One of the trueisms about living in the Quarter ( and different from even the experiences of our “almost-residents” aka storekeepers or other business owners) is the scads of information that one gets from popping out on the sidewalk dozens or more times in one day, observing the activities or even while still back in your space, hearing them happen and perhaps noting the time in the back of your mind while you put laundry in the washer before any commerce is even beginning. Those activities include workers arriving at dawn and standing in front of your door soberly assessing current tip levels; delivery trucks huffing and puffing outside from 5:30 am on, pulling cases of items out (which ramps up especially in mid-week); knowing the tour guides who do their work with respect and gusto and those who do not; separating the good hustlers from the dangerous ones and much more. One other is learning the names and company of the sanitation crews and the identification of who actually works versus those who just walk and swipe at the ground once in a while. One of the good ones is Royal Carriages. In case you didn’t know, all of the carriage companies are supposed to take their turn in the Quarter, cleaning up after their mules; however most do not bother. The one company that is consistent and conscientious is Royal Carriages.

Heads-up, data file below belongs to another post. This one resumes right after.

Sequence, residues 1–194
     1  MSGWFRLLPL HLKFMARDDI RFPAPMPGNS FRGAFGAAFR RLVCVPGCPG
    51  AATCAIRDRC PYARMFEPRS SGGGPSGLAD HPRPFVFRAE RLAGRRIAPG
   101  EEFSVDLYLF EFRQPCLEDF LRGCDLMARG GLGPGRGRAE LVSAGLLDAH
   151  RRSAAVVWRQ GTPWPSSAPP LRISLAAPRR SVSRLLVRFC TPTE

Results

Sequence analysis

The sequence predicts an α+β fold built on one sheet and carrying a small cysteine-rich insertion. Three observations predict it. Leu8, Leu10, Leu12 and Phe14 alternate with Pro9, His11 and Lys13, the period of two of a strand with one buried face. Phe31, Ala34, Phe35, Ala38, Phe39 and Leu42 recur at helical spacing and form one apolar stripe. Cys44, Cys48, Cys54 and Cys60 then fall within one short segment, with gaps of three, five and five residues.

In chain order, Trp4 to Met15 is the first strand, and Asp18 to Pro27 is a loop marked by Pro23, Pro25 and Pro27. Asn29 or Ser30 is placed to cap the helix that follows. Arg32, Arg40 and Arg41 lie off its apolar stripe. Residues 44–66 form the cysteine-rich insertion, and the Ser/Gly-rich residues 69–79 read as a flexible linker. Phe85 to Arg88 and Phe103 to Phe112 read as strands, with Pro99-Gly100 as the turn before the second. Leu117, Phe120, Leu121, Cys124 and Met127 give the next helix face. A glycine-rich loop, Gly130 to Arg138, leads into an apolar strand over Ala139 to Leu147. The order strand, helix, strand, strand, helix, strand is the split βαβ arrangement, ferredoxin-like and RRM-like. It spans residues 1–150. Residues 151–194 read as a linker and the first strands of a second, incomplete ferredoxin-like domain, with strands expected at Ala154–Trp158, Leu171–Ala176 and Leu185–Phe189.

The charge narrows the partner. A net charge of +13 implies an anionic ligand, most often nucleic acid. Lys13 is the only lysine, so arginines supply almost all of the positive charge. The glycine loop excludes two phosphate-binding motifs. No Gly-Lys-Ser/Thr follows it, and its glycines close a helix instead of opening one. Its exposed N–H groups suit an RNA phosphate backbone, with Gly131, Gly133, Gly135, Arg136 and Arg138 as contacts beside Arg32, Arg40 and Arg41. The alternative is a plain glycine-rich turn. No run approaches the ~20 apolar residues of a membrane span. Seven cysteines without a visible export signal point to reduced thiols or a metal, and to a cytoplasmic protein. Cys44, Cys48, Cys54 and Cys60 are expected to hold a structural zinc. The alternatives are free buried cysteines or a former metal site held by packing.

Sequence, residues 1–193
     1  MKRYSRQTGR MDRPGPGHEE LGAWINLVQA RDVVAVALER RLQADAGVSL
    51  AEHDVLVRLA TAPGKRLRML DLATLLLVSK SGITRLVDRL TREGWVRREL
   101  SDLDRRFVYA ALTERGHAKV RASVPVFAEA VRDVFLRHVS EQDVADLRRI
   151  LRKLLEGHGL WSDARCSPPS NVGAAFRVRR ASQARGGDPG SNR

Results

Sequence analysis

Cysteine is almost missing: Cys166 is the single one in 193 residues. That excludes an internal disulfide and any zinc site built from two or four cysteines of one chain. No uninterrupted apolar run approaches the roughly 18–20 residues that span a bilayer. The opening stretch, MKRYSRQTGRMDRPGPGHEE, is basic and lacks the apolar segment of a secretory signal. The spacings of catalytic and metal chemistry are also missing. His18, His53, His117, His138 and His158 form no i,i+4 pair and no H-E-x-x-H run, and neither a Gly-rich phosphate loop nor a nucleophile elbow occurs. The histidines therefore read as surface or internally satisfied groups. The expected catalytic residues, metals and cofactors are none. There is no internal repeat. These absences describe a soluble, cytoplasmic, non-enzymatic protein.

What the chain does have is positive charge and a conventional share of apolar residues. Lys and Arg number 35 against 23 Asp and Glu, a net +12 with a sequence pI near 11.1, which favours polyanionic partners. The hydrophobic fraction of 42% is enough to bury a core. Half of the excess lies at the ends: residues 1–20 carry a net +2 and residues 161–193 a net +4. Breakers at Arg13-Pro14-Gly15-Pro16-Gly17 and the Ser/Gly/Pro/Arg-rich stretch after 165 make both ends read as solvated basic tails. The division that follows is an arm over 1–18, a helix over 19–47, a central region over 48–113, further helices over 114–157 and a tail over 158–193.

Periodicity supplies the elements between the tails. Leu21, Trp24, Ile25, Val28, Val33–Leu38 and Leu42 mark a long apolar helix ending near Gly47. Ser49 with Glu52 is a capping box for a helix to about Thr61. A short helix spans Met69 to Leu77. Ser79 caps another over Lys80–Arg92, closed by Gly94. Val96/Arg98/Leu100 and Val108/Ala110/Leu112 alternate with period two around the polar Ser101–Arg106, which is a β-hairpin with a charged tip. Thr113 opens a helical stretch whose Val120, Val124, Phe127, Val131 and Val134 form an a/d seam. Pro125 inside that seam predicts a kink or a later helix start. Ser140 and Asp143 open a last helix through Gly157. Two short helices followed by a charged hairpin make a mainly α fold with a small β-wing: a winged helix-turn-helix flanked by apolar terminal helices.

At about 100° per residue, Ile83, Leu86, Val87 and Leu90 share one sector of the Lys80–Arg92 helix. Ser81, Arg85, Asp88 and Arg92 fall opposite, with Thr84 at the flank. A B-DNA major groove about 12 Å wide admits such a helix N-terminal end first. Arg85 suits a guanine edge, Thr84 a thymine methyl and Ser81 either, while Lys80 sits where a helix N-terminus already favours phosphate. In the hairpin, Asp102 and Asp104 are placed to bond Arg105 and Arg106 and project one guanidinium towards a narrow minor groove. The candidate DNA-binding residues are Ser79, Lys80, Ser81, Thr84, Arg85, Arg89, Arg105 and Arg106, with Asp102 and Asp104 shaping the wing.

Recently, they had an open house at their stables in the Marigny where they invited the locals via social media to see what was up and offered some free food and drink and music. I went by and was impressed by the cleanliness and attention they paid to their space. So when I saw the cleaner out on the cart today and that he was stopped right in front of my door, I thanked him for his work and we had a short chat. His name is Roger and he is proud of his company and told me that the mules there get 4 months off per year and the place is kept “spotlessly”clean. He was as cheery of a worker as the modern world has and I am glad to have him around and to have a name to assign to his face.
The workers and residents of the Quarter acknowledge each other’s dependency on the other. We share a pride in our place and a willingness to play the hosts to the city’s millions of visitors. Royal Mule Carriages illustrates that truth.